Watson’s Human Caring Science Theory is Influencing My Practice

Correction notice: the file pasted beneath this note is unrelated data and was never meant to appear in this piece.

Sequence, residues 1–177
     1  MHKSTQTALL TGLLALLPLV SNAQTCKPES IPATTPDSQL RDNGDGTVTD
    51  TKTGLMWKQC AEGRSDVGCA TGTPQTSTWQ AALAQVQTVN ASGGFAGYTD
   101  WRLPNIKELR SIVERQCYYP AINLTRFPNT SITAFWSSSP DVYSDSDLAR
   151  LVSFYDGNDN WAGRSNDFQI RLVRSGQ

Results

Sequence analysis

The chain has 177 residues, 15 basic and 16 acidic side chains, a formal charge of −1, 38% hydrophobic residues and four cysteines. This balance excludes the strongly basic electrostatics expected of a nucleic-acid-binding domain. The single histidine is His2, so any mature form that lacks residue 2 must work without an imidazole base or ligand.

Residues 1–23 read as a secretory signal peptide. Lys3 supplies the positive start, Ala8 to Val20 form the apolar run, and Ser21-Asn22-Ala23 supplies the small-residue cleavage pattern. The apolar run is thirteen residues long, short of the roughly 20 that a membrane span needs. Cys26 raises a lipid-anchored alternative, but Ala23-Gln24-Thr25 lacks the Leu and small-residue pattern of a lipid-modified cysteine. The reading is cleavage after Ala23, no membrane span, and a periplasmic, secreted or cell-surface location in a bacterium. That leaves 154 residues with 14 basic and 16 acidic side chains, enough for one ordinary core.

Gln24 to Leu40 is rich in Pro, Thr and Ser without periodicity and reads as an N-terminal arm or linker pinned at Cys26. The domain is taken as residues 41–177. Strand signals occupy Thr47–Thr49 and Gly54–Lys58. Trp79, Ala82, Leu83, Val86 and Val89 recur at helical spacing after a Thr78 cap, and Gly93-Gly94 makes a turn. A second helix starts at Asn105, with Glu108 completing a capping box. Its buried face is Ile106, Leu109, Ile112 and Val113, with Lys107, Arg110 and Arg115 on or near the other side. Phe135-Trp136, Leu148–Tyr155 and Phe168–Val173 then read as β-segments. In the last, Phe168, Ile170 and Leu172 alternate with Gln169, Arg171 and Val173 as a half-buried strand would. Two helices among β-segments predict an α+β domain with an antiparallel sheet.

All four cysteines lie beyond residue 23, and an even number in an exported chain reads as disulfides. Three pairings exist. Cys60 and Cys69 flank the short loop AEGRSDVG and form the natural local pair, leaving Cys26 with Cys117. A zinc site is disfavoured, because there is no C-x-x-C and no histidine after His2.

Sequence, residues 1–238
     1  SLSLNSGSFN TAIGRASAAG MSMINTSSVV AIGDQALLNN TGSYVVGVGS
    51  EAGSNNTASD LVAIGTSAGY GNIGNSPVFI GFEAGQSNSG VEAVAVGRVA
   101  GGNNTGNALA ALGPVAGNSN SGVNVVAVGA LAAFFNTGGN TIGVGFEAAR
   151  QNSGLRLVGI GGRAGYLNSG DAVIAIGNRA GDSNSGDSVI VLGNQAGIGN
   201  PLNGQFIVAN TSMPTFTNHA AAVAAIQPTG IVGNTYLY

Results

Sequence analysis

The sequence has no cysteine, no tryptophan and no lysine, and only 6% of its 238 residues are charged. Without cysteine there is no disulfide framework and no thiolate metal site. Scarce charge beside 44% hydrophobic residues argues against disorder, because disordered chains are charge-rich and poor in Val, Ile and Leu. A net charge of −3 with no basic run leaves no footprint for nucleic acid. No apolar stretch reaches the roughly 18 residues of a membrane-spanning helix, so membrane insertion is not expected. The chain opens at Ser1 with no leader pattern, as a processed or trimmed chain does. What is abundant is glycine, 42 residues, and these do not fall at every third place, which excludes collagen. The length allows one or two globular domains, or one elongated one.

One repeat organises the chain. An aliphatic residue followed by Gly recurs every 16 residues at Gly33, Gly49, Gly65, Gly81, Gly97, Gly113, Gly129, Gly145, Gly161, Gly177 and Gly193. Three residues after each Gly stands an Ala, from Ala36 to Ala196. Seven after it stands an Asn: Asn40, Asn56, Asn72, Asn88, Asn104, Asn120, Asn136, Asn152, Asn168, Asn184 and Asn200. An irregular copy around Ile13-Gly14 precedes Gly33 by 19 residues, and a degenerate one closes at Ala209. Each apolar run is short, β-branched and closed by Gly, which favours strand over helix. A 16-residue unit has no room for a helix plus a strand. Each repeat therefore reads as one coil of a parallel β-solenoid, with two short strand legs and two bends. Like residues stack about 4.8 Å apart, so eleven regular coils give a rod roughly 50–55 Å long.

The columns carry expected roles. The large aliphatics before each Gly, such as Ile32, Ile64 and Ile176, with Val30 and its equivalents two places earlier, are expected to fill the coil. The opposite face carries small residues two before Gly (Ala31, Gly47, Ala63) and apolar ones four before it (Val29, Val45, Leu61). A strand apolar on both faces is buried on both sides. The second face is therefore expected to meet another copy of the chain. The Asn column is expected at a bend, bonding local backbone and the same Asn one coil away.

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To insure privacy, all patient names induced in this essay have been changed. When I became a nurse, in my heart, I knew that I was a caring person; however, I did not have a caring theory driving my practice. After studying Watson’s Human Caring Science Theory, the theory is consistent with my values, which emphasizes a holistic approach with mind, body, and spirit through a caring nurse patient relationship in an environment that promotes healing, comfort, and dignity. Human Caring Science gives the privilege of viewing human life with wonder, respect, and appreciates small and large miracles, which allows the inner world of the patient and nurse to come together in a unique human relationship, in the here and now moment (Watson, 2012, p. 24). Components of Watson’s Theory Exemplified in Practice Transpersonal Caring Relationships A transpersonal caring relationship is a where humans are connected with another with regard for the whole person (Watson, 2012, p. 75). Watson (2012, p. 75) further describes transpersonal caring when the nurse can sense the spirit or soul of the one being cared for, feels the condition of the spirit, and then responds in a way that the one being cared for can release subjective feelings and thoughts. With the release of this type of thoughts, more harmonious energy enters the mind through other thoughts and feelings, which places the patient an improved position for inner healing. Transpersonal nursing relationships also express the nurses’ commitment to protecting the dignity, providing holistic care, and encouraging the patient to achieve harmony, which goes beyond the technical aspects of providing patient care. Many years ago, I had the privilege of taking care of Man... ... middle of paper ... ...begin the cultivation of Human Caring Science in academic programs with nursing students by teaching the Caritas Processes transpersonal relationships, and the significance of attaining caring moments in the nurse/patient relationship. In the leadership role, it is important to balance caring with the technical responsibilities of nursing and demonstrate caring in my practice with patients, families, staff, and administration. Works Cited Persky, G., Nelson, J. W., Watson, J., & Bent, K. (2008). Creating a profile of a nurse effective in caring. Nursing Administration Quarterly, 32(1), 15-20. Sitzman, K., & Watson, J. (2014). Caring science, mindful practice: Implementing Watson's Human Caring Theory. New York: Springer Publishing Company LLC. Watson, J. (2012). Human caring science: A theory of nursing (2nd ed.). Sudbury: Jones and Bartlett Learning.

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